Oil on canvas
54.6 x 45.1 cm. (21 1/2 x 17 3/4 in.)
frame: 82.2 x 73.0 x 7 cm. (32 3/8 x 28 3/4 in.)
Lower right: Manet
The artist’s estate sale, Hôtel Drouot, 5 Feb. 1884, no. 36, sold to M. Samson, possibly a pseudonym and/or agent. Auguste Pellerin (1853–1929), Paris, by 1902; [sold to Galerie Bernheim-Jeune, Paul Cassirer and Galerie Durand-Ruel, 2 Feb. 1911]; sold to John Quinn (1870–1924), New York, 3 Apr. 1911; [sold to Durand-Ruel, New York, 9 Nov. 1911]; sold to Martin A. Ryerson (1856–1932), Chicago, 24 Apr. 1912; by descent to Mrs. Martin Ryerson, Chicago; her bequest to The Art Institute of Chicago, 29 May 1937; [sold to E. & A. Silberman Galleries, New York, 29 Apr. 1947]; sold to Henry Pearlman, New York, by May 1953; Henry and Rose Pearlman Foundation, after 1974.
Manet came from a well-to-do bourgeois home and so found an ease and familiarity in depicting women of his class. He chose to paint this young woman in profile, and to hide her eyes behind a dark smudge of black veil, making it difficult to read her expression. She wears what appears to be a wealthy woman’s walking ensemble, one designed for promenading on the then recently constructed boulevards and in the newly built parks of Paris.
Never exhibited during Manet’s lifetime, this painting has provoked speculation about whether the subject was a friend or a model. She is dressed in a walking suit, and the object she carries is identified as a parasol, umbrella, or walking stick. The picture epitomizes what the poet and critic Charles Baudelaire considered a defining feature of images of modern life: the changing fashions of ladies’ dresses.
The painting dates to the late 1870s, when Manet was experimenting with the high-keyed colors and feathery brushstrokes of younger artists such as his friend Claude Monet and his sister-in-law Berthe Morisot. They urged Manet to take part with them in the independent exhibitions organized by Edgar Degas and other Impressionists but Manet – who longed for official recognition – refused, continuing to submit works to the jury of the Salon, the annual art exhibition sponsored by the French government.
There was one occasion in all my years of collecting, when I was rather lukewarm about a painting. It was a work by Manet that had been originally quoted at $4,000, and then,…
There was one occasion in all my years of collecting, when I was rather lukewarm about a painting. It was a work by Manet that had been originally quoted at $4,000, and then, toward the end of the season, at $35,000. One day, the dealer buttonholed me on 57th Street and insisted that I come up to his gallery. He wanted to sell me the painting, and he did—for about half the original price. I’ve been thankful to him ever since. However, a sad aftermath to this transaction occurred a short time later. This same dealer had a small gem of a painting, a Cézanne still-life, that he offered me for about $25,000. I should have bought it, but I was planning to leave for Europe a few days later, and not having enough time, nor being in the mood to go through a tug of war with this dealer over the right price, I passed up an opportunity that I regret to this day. Of course, few dealers are like that, otherwise collecting would not be the fun it is.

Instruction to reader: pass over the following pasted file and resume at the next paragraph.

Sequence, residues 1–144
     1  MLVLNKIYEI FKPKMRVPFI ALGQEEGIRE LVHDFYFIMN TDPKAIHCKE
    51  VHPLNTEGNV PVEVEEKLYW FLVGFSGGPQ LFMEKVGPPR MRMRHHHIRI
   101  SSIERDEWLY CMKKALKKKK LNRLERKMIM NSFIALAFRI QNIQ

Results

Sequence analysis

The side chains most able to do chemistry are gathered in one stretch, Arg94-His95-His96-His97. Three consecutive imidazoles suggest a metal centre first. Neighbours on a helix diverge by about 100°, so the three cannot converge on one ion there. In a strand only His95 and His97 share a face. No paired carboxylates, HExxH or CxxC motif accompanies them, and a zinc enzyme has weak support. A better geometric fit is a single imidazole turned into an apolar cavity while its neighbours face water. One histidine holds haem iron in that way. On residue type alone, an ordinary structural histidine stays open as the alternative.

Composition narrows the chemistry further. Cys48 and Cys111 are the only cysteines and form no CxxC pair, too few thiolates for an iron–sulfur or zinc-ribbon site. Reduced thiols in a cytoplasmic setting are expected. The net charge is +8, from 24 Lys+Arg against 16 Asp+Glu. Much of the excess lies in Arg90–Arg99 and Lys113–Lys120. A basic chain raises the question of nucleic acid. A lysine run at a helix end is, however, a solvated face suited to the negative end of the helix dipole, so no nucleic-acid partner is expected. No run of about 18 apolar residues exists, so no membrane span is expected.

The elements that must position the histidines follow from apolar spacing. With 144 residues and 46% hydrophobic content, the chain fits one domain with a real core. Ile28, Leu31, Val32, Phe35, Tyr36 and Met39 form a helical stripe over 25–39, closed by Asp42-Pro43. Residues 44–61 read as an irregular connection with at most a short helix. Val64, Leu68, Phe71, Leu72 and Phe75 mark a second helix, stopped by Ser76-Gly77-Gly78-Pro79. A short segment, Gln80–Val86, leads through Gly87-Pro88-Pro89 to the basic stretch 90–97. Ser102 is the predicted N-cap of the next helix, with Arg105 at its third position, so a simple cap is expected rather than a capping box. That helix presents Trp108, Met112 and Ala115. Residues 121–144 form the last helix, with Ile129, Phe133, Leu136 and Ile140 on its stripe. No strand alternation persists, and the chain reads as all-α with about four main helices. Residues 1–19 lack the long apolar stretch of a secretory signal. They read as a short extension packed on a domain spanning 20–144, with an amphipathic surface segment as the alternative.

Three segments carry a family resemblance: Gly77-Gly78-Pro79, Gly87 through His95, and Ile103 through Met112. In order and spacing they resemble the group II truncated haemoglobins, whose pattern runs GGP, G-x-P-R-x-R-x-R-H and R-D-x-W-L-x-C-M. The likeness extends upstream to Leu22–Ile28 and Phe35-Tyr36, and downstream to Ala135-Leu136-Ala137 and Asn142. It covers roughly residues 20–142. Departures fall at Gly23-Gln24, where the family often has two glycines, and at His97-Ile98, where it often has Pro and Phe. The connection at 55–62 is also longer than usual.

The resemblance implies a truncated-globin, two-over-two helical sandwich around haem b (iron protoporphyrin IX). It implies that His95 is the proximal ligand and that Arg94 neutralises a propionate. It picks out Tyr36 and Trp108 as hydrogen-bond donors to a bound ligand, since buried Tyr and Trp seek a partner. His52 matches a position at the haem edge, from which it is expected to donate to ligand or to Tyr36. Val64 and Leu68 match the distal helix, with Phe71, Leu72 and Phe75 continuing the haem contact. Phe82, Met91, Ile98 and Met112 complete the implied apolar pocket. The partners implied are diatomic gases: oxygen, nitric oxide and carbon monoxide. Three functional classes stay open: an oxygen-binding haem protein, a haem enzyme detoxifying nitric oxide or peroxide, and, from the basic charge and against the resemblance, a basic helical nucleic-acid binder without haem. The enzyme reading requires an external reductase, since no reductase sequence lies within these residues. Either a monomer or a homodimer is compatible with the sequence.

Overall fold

Édouard Manet (1832-1883)
Widely hailed as a pivotal figure in modern art, Édouard Manet (1832–1883) presented a new vision of modern Parisian life in his paintings, paving the way for many of the developments of Impressionism. Manet’s paintings focused on life in the city that was undergoing dramatic physical and social transformations during the eras of the Second Empire and the Third Republic. At the same time, he offered a radical new formal approach to painting, eliminating traditional notions of academic modeling and bringing attention to the materiality of paint itself.
Manet came from an upper-class family; his wealth freed him from the necessity of earning a living and allowed him to pursue an artistic career. He studied with Thomas Couture from 1850 to 1856, but he would soon abandon many of the academic precepts he learned in Couture’s studio. Manet’s paintings, although mostly contemporary in subject, integrate references, in terms of technique and composition, to the Old Masters whom he closely studied at museums across Europe, including Flemish, Dutch, Spanish, and Italian schools of painting. The collision of the modern with Old Master references was highlighted in controversial paintings such as Déjeuner sur l’herbe (1863), which placed bourgeois libertines in the role of river gods, derived from a composition by Raphael, and Olympia (1863), which cast a modern courtesan in the role of Titian’s Venus of Urbino.
Although he never exhibited with the group, Manet was a friend to many of the Impressionists, including Claude Monet, Edgar Degas, and Pierre-Auguste Renoir. Those artists were in no small part influenced by Manet’s focus on depicting modern life, and he was in turn encouraged by his association with them to experiment with a brighter palette and looser handling of paint. Portraits were among his central subjects, and he deftly captured the social cues apparent through the fashion and deportment of each individual, as in Young Woman in a Round Hat. In his astute attention to the particular character of his time, Manet has been seen as an exemplar of Baudelaire’s idea of the “heroism of modern life.”